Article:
By Sharon Struth
Publisher: Kensington/Lyrical Shine
Erik Lindholm is elated to be named the new president of GBS. He is exactly where he planned to be, but he had not expected to find Beryl still with the company. He has practically promised the CFO position to a colleague at his former company. If he fires her, will Beryl see his action as retaliation for her refusing to move to London with him when he left GBS fifteen years ago for the promise of faster advancement? That question acquires new urgency when an accident propels him into Beryl’s personal orbit as well as her professional one.
It doesn’t take long for the feelings Beryl and Erik once shared to reawaken, but career conflicts are still a problem. In fact, they may be more of a problem now since a romantic connection between executives is a violation of company ethics. On the other hand, if Erik fires Beryl, they will be free to date. But will Beryl want to date the man who fired her? Have Beryl and Erik been given a second chance at love or a second time to watch love take second place to their careers?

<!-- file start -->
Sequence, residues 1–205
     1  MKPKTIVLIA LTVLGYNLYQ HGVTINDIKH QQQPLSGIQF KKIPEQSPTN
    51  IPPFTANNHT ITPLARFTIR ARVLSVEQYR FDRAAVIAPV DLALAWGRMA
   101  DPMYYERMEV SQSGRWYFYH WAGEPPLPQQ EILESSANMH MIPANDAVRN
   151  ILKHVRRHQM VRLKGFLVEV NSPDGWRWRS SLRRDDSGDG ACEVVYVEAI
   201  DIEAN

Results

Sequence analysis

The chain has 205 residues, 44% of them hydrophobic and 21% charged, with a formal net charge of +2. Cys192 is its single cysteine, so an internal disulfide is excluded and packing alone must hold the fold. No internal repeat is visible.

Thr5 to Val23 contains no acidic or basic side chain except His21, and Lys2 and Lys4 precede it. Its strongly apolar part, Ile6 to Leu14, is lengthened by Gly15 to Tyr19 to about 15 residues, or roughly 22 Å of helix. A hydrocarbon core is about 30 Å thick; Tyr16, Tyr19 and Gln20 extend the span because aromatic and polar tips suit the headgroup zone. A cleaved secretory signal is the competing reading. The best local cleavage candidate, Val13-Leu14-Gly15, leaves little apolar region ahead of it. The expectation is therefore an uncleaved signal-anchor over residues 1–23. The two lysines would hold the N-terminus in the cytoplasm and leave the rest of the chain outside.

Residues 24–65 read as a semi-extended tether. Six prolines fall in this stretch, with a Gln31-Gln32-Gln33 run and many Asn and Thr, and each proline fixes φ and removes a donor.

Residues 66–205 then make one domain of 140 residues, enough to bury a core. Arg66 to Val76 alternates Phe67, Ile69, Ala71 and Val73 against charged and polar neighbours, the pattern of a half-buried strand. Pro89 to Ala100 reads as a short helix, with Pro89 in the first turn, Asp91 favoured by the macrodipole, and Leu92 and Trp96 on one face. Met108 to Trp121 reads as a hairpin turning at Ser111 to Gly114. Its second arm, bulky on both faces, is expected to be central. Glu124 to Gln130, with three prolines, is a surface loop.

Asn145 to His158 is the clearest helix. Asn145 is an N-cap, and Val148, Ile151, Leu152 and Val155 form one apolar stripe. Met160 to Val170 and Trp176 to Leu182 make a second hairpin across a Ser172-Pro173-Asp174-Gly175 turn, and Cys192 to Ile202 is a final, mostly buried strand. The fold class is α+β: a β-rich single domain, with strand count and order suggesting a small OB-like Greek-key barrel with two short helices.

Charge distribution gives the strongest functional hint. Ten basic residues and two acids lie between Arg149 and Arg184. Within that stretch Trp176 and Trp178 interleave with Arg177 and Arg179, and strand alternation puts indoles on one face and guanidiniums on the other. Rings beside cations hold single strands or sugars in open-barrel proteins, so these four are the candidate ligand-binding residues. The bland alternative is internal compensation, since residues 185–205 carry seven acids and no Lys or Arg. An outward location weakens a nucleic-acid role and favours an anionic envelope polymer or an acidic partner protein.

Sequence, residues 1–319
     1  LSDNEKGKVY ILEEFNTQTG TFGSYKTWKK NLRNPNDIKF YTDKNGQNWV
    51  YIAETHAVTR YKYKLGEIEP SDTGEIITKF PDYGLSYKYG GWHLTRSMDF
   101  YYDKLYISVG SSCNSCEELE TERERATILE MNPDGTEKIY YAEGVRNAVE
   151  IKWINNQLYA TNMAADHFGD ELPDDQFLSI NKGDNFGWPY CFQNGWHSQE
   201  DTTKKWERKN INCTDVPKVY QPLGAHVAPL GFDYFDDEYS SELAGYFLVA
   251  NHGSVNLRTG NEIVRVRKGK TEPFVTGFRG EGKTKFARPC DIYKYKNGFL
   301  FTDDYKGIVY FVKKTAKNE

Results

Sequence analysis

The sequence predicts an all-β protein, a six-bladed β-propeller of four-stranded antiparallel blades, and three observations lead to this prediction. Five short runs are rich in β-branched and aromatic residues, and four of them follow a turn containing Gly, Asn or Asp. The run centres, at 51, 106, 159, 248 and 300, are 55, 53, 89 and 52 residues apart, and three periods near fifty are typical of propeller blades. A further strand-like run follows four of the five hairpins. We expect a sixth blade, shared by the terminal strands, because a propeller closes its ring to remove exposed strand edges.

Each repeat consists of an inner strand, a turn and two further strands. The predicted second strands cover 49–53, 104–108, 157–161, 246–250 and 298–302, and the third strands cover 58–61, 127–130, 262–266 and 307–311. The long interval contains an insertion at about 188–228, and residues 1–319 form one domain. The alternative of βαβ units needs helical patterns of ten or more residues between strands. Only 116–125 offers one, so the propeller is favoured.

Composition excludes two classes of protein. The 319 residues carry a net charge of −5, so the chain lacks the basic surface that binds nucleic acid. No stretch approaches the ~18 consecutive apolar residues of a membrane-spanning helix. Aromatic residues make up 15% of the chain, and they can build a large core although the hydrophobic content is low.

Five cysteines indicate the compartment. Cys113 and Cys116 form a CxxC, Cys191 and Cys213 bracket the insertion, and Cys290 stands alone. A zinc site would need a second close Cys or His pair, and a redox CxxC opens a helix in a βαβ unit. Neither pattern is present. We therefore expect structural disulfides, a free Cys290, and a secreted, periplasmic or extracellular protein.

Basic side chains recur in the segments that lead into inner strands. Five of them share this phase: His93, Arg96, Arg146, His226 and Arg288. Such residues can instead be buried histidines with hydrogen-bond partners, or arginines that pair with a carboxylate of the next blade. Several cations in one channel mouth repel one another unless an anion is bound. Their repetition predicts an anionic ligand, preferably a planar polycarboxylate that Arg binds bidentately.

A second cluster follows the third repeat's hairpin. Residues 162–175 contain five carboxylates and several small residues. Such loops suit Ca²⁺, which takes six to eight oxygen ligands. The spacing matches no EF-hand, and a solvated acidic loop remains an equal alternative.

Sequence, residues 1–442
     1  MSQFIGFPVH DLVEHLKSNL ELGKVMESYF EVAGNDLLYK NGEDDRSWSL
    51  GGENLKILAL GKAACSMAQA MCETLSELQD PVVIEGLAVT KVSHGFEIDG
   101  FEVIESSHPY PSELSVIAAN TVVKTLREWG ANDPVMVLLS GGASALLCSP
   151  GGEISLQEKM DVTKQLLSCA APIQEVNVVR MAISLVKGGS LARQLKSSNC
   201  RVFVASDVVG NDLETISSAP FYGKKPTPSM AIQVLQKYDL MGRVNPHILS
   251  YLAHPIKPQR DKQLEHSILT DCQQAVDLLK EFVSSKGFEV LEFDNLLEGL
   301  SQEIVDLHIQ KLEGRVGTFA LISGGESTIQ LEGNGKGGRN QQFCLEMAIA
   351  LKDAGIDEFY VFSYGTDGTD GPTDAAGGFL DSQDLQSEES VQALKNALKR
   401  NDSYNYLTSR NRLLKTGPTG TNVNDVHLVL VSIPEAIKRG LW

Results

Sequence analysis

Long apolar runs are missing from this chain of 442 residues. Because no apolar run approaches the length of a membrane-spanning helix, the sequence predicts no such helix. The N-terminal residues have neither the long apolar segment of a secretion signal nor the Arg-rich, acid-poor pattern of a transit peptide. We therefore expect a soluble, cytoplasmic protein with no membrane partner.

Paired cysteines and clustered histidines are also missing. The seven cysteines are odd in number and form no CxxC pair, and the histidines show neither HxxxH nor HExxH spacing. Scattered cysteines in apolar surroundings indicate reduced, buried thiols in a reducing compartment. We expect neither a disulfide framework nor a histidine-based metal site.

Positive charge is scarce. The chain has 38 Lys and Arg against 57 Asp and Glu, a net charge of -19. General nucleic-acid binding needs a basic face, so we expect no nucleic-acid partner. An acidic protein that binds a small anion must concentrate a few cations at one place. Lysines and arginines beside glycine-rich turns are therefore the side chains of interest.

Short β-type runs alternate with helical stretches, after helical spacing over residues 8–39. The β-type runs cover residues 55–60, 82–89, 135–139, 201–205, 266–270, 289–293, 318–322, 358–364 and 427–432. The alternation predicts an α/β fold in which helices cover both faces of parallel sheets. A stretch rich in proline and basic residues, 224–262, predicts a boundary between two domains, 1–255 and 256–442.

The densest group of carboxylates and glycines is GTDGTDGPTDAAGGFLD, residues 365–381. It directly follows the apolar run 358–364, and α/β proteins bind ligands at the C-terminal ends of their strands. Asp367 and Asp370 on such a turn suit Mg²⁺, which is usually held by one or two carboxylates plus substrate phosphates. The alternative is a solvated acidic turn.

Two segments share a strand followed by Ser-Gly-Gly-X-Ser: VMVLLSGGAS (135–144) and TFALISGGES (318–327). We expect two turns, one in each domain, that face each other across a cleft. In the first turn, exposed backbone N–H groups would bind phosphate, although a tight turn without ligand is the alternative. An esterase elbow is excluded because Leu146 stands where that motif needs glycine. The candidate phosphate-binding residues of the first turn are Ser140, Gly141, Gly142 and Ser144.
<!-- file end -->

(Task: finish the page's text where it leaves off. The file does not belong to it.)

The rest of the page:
The reunion trope is my favorite, and Struth gives it a different twist in this tale that combines high pressure, sophisticated living in Manhattan’s corporate world with the warmth and memories of small-town life that still have a place in Beryl’s heart. Beryl and Erik are likeable characters, and I found both the choices that separated them and their different responses a decade and a half later believable. The Christmas season, particularly given the romantic memory of this couple’s first Christmas together, was a sweet touch without becoming saccharine. If you are looking for a Christmas story that is a bit different from the norm, I recommend this novella. Although it is part of Struth’s Blue Moon Lakes series, it can easily be read without having read the earlier book in the series. However, the novella did persuade me to download Share the Moon (Blue Moon Lakes Book 1).
I was disappointed in the ending because I felt that it conformed to gender stereotypes after holding out the promise of an egalitarian relationship. The 3.5 stars reflect that disappointment. Doubtless many readers will think me too doctrinaire and will find the conclusion eminently sigh-worthy.